κλύω as a present verb

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cramberepetita
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κλύω as a present verb

Post by cramberepetita » Sun Jan 29, 2017 5:36 pm

I was wondering if anyone knew of the earliest attestation of κλύω 'hear' as a present.
The original verb is a root aorist (thematic κλύον/ἔκλυον = Skt. śruvam, innovated from a still older athematic aorist, as in imperative κλῦθι = Skt. śrudhi - Sanskrit seems to have gone through the same development independently), from the PIE root *ḱleu-; but a present κλύω was built on it in the same way that for instance κίω 'go' was founded on aorist κίον/ἔκιον or ἠμί 'say' on ἦ ('said he').
I'm just trying to determine if unambiguously present forms already occur in Homer, or, if not, when and in what author(s).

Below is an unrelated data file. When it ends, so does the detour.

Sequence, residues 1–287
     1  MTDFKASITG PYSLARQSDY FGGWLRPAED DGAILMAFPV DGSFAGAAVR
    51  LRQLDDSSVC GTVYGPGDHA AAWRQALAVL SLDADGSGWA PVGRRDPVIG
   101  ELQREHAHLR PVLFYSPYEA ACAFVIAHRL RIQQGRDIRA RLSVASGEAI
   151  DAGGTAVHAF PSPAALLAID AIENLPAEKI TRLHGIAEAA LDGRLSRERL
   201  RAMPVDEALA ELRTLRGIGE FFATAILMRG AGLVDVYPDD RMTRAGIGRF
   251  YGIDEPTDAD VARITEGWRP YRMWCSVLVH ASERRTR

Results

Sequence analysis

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Paul Derouda
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Re: κλύω as a present verb

Post by Paul Derouda » Sun Jan 29, 2017 6:31 pm

According to the entry on κλυεῖν, κλὐω in the Necronomic... um I mean the Lexikon des Frühgriechischen Epos, the only attestation in Early Epic of the present is Hesiod's Work and Days line 726 οὐ γὰρ τοί γε κλύουσιν, ἀποπτύουσι δέ τ᾽ ἀράς.

So that must be the earliest attestation.

cramberepetita
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Re: κλύω as a present verb

Post by cramberepetita » Sun Jan 29, 2017 7:09 pm

Thank you very much! That's exactly what I was looking for.

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Paul Derouda
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Re: κλύω as a present verb

Post by Paul Derouda » Sun Jan 29, 2017 7:15 pm

As you probably now, it's a subject of debate whether Homer or Hesiod is earlier. "Traditionally" Homer is the oldest, but M.L. West was among those who considered Hesiod earlier.

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